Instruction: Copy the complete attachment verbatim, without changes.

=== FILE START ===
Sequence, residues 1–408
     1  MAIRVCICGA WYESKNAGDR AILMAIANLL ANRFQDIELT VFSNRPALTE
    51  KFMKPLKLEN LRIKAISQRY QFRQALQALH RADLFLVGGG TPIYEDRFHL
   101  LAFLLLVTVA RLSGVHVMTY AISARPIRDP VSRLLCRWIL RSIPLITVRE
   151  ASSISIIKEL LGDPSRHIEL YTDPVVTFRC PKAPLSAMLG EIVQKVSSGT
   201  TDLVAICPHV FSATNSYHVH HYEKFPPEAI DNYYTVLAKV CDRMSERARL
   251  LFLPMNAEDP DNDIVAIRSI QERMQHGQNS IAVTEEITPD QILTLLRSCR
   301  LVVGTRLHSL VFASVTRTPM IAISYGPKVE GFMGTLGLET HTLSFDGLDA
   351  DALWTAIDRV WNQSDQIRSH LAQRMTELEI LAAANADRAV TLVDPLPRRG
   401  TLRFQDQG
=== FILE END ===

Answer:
Sequence, residues 1–408
     1  MAIRVCICGA WYESKNAGDR AILMAIANLL ANRFQDIELT VFSNRPALTE
    51  KFMKPLKLEN LRIKAISQRY QFRQALQALH RADLFLVGGG TPIYEDRFHL
   101  LAFLLLVTVA RLSGVHVMTY AISARPIRDP VSRLLCRWIL RSIPLITVRE
   151  ASSISIIKEL LGDPSRHIEL YTDPVVTFRC PKAPLSAMLG EIVQKVSSGT
   201  TDLVAICPHV FSATNSYHVH HYEKFPPEAI DNYYTVLAKV CDRMSERARL
   251  LFLPMNAEDP DNDIVAIRSI QERMQHGQNS IAVTEEITPD QILTLLRSCR
   301  LVVGTRLHSL VFASVTRTPM IAISYGPKVE GFMGTLGLET HTLSFDGLDA
   351  DALWTAIDRV WNQSDQIRSH LAQRMTELEI LAAANADRAV TLVDPLPRRG
   401  TLRFQDQG